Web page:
U.S. government leading child obesity fight with nutrition standards in schools
WORLD / U.S. – The calorie counting begins in schools in an effort to curb child obesity.
Since the Healthy Hunger-free Kids Act passed in 2010, there have been gradual shift in the nutritional habits implemented by the new policy. The new rules for healthier foods in public schools came into effect on 1st July 2014 and it sets the nutrition standards for all food and beverage offerings in schools. It is the “Smart Snacks in Schools” nutrition standards.
According to the US Department of Agriculture (USDA), the Healthy, Hunger-Free Kids Act allows, “for the first time in over 30 years, opportunity to make real reforms to the school lunch and breakfast programs by improving the critical nutrition and hunger safety net for millions of children.”
First Lady Michelle Obama championed and led the initiative in her fight against childhood obesity as part of her Let’s Move! initiative. Her experience with childhood obesity spurred her interest in providing healthier options to students in schools.
USDA in charge of nutritional standards
With the new policy in effect, this also means the USDA will audit school districts to assess compliance with nutritional standards every three years. The USDA can also control and set requirements for nutritional standards to all foods sold in school during school hours. This includes vending machines and bake-sale goodies, including those sold at fundraisers.
Childhood obesity (and obesity in general) is a growing concern in the United States. According to the Centers for Disease Control and Prevention:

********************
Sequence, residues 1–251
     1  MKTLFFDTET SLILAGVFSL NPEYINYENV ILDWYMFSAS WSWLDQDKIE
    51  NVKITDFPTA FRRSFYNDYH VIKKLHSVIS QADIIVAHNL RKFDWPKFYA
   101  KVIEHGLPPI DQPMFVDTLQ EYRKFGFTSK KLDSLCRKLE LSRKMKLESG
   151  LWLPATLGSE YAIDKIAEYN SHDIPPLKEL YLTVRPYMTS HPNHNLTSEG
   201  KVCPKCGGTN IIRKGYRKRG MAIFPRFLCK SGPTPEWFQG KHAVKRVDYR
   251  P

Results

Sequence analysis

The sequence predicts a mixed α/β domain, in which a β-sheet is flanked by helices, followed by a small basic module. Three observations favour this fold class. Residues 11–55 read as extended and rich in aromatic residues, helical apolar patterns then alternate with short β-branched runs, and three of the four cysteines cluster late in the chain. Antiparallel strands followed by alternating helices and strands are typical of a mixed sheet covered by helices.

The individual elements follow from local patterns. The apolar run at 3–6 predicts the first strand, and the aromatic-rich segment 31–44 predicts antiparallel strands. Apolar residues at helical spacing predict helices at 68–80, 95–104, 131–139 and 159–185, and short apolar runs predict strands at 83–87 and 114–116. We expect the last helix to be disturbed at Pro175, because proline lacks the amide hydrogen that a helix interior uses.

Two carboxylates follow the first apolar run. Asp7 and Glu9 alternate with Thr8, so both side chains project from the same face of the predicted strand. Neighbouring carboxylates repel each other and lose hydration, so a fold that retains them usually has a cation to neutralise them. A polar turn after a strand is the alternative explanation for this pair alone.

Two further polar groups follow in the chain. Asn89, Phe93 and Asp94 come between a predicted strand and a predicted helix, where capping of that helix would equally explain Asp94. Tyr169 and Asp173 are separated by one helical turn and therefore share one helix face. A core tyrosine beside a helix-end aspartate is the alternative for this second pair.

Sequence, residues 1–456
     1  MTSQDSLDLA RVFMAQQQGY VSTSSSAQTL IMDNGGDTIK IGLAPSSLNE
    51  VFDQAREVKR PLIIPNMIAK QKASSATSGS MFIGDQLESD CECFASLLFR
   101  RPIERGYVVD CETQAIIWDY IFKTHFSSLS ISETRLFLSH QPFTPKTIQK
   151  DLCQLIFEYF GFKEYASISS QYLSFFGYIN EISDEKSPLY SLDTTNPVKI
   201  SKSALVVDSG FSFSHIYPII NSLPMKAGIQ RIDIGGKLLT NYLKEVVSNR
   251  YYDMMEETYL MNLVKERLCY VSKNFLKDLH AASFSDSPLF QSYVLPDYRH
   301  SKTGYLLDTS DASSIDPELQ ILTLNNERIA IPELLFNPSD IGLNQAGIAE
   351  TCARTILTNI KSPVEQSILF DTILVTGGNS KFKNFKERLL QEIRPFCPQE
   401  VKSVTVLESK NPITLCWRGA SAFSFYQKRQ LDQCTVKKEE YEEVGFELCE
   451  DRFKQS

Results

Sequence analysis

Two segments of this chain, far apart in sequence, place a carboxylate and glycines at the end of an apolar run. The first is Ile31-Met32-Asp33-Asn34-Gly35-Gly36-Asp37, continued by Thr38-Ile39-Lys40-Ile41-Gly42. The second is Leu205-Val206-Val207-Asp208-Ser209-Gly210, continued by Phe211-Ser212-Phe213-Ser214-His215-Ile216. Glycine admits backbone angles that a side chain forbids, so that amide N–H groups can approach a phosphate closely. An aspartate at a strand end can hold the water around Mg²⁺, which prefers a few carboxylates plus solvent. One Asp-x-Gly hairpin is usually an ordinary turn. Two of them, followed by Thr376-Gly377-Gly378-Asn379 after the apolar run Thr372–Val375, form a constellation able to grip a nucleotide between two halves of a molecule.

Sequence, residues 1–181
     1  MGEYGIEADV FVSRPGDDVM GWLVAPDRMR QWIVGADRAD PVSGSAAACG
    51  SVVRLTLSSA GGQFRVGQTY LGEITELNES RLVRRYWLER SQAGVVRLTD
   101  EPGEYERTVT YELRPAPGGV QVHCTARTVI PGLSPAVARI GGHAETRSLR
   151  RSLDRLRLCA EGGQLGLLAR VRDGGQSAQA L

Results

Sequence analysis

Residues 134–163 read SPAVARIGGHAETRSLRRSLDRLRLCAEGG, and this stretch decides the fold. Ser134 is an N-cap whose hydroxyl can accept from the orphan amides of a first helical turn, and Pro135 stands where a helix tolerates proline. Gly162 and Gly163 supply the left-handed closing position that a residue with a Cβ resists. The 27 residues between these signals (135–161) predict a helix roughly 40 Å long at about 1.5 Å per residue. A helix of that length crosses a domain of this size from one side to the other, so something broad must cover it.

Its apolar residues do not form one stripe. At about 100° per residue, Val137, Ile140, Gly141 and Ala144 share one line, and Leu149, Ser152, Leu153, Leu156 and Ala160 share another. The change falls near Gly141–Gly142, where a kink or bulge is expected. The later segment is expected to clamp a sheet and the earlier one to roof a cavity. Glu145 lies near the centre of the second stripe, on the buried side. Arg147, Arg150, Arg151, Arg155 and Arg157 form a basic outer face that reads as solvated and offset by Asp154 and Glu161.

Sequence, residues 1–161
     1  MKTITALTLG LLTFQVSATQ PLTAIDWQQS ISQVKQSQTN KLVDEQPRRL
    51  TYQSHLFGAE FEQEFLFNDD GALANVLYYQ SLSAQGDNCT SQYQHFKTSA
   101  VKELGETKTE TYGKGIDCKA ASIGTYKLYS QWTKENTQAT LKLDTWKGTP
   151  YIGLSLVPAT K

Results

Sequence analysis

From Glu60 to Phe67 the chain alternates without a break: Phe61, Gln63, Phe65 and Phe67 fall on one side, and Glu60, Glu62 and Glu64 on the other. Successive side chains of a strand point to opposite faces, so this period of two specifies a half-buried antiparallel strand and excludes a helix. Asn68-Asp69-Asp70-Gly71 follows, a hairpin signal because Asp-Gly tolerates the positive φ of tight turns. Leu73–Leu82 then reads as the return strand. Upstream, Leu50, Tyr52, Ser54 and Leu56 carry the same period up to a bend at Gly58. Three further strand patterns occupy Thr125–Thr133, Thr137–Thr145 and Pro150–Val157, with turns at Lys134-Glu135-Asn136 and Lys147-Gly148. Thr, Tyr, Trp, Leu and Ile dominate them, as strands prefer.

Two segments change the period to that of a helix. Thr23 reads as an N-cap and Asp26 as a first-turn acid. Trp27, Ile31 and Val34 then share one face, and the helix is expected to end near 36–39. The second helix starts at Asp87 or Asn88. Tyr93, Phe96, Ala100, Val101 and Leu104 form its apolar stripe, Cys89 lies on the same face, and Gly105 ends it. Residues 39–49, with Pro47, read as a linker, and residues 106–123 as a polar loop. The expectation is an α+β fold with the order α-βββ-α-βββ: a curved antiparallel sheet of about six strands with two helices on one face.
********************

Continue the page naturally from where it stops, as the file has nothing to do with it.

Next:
- Childhood obesity has more than doubled in children and quadrupled in adolescents in the past 30 years
- The percentage of children aged 6–11 years in the United States who were obese increased from 7% in 1980 to nearly 18% in 2012
- Similarly, the percentage of adolescents aged 12–19 years who were obese increased from 5% to nearly 21% over the same period
- In 2012, more than one third of children and adolescents were overweight or obese
“Healthy” policy not well-received
Some schools are not taking the new reforms well. Georgia’s school Superintendent John Barge and State Board of Education Chair Helen Rice considered the rules “absolute overreach of the federal government.” “Tough economic times have translated into fewer resources and these fundraisers allow our schools to raise a considerable amount of money for very worthwhile education programs,” Barge said in a recent press release.
“While we are concerned about the obesity epidemic, limiting food and beverage fundraisers at schools and school-related events is not the solution.”
A look into the Smart Snacks in Schools flyer has the following summary for fundraisers:
- The sale of food items that meet nutrition requirements at fundraisers are not limited in any way under the standards
- The standards do not apply during non-school hours, on weekends and at off-campus fundraising events
- The standards provide a special exemption for infrequent fundraisers that do not meet the nutrition standards
- State agencies may determine the frequency with which fundraising activities take place that allow the sale of food and beverage items that do not meet the nutrition standards.
The standard requirements apply, and accompanying sides must also be included in the nutrition profile:
What do you think of the government’s policy and how do you think it can be improved?